1. The learned Commissioner (Appeals) after considering the aforesaid contentions of the assessee allowed the appeal of the assessee by holding aforesaid expenses to be Revenue Expenses vide appellateOrder, dt. 28-10-2016, by holding as under :–

” 5.2.1 This ground relates to disallowance of Rs. 9,49,721 claimed on account of repair and maintenance by treating the same as capital expenditure. The assessing officer has discussed this at para 4 of his order. He observed that major expenditure on renovation of shop/bakery at Bandra amounting to Rs. 92,66,827 appeared to be capital in nature. The appellant was asked to give details and explanation to justify the same as revenue expenditure. The Authorised Representative filed letter dated 30-3-2015 explaining that the expenditure was revenue in nature and was done to increase production for the new outlet and for fixing certain plant and machinery on the newly released premises at Jalal Bakery, Bandra. Out of the repair and maintenance expenditure, the expenditure relating to Jalal Bakery amounting to Rs. 77,17,043 was treated as capital expenditure and after allowing depreciation @ 5% balance amount of Rs. 73,31,191 was disallowed.

5.2.2 Further, the assessing officer observed that amount of Rs. 10,26,725 shown under repair and maintenance in ledger account was mainly for setting up kitchen equipments/renovation of kitchen at Jalal Bakery. This amount was also treated as capital in nature and disallowed after allowing applicable rate of depreciation @ 15%. Thus, a disallowance of Rs. 9,49,721 was made.

5.2.3 It is noted that during the year, the appellant had taken over an additional bakery called Jalal Bakery to meet the increased demand of its bakery products. This was taken on lease hold for 5 years period with a monthly rental of Rs. 100.000. As per the agreement dated 26-5-2011, clause 10, the appellant was permitted to install assets, articles, amenities, furniture, fixtures, air-conditioning plants, industrial ovens and other equipments and to renovate the premises including tiling, flooring etc. Further, as per clause 12 of the agreement the appellant was prohibited to carry out any construction or erection except wall, partitions, toilets etc., and was permitted to carry out repairs, renovation and interior work.

5.2.4 The basic contention of the appellant is that the entire expenditure of Rs. 92,66,827 did not lead to creation of new asset of enduring benefit and hence, it was allowable under section 37(1) of Income Tax Act, 1961. In this, the appellant has relied on the judgment of the Apex Court in the case of Empire Jute Company Ltd. v. CIT, (1980) 124 ITR 1 (SC) : 1980 TaxPub(DT) 1083 (SC), which has been quoted above. Further, the appellant also relied on CIT v. Madras Auto Service (P) Ltd. (1998) 233 ITR 468 (SC) : 1998 TaxPub(DT) 1407 (SC) which held that expenditure incurred on renovation of a leasehold building has to be treated as revenue in nature. The appellant also relied on jurisdictional High Court decisions in CIT v. Hede Consultancy (P) Ltd., (2002) 258 ITR 380 (Bom) : 2002 TaxPub(DT) 1428 (Bom-HC), and CIT v. Talathi and Panthaky Associated (P) Ltd., (2012) 343 ITR 309 (Bom) : 2012 TaxPub(DT) 1655 (Bom-HC).

5.2.5 The relevant part of the last mentioned order is as below :–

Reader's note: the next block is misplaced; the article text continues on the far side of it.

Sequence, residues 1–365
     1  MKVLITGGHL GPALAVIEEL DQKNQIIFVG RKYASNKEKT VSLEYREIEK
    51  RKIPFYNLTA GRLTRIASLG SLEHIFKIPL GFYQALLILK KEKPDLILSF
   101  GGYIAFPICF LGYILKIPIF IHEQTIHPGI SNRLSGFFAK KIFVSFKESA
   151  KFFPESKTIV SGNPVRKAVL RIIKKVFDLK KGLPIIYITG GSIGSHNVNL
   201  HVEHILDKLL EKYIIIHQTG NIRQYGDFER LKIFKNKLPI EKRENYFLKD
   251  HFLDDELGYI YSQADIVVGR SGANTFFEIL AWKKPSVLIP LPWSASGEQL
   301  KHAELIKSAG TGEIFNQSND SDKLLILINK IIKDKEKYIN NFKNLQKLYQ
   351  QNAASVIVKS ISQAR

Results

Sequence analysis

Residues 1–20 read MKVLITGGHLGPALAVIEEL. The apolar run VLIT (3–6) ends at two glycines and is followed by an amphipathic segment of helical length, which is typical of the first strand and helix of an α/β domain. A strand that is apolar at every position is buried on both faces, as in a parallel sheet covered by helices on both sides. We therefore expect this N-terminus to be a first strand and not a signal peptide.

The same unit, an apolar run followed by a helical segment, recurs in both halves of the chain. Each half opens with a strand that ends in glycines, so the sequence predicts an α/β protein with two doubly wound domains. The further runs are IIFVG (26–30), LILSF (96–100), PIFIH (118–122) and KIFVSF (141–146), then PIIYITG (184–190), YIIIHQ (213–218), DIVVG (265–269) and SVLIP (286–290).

“7. The issue as to whether expenditure incurred by an assessee is of a revenue or capital nature has fallen for determination in various contexts, but in all decisions particularly of the Supreme Court what has been emphasised is that the matter has to be looked at from a commercial point of view. In Madras Auto Service (P) Ltd.(supra) the assessee obtained certain premises under an agreement of lease for a period of thirty nine years. Under the terms of the agreement, the assessee had a right to demolish the existing premises and to construct a new building thereon for the purposes of its business. The lease deed stipulated that the new construction shall continue to be the property of the lessor and the assessee as the lessee would only have a right to be a tenant for a period of thirty nine years subject to the payment of rent and the observance of other conditions. The Supreme Court noted that the advantage which the assessee obtained by constructing a building which belonged to someone else was the benefit of a long lease on a concessional rate at a lower rent. The saving in expenditure was the saving in revenue expenditure in the form of rent. In defining as to whether the character of the expenditure is of a revenue or capital nature the Supreme Court emphasised (following its earlier decision in Assam Bengal Cement Co. Ltd. v. CIT (1954) 27 ITR 34 (SC) : 1955 TaxPub(DT) 73 (SC) that expenditure may be treated as properly attributable to capital when it is made not only once for all, but with a view to bringing into existence an asset or an advantage for the enduring benefit of a trade. If a lump sum payment gets rid of an annual business expense chargeable against revenue, the lump sum payment should be regarded as a business expense. Contrariwise if the lump sum payment brings in a capital asset, then that puts the business on another footing altogether. The Supreme Court noted that by expending money for the purposes of construction, the assessee did not acquire any capital asset and the only advantage which it had obtained was the lease of a new building at low rent. After adverting to the earlier judgments of the Court in Lakshmiji Sugar Mills Co. (P) Ltd. v. CIT (1971) 82 ITR 376 (SC) : 1971 TaxPub(DT) 377 (SC), L.H. Sugar Factory & Oil Mills (P) Ltd. v. CIT (1980) 125 ITR 293 (SC) : 1980 TaxPub(DT) 1125 (SC) and CIT v. Associated Cement Companies Ltd. (1988) 172 ITR 257 (SC) : 1988 TaxPub(DT) 1173 (SC) the Supreme Court observed as follows :–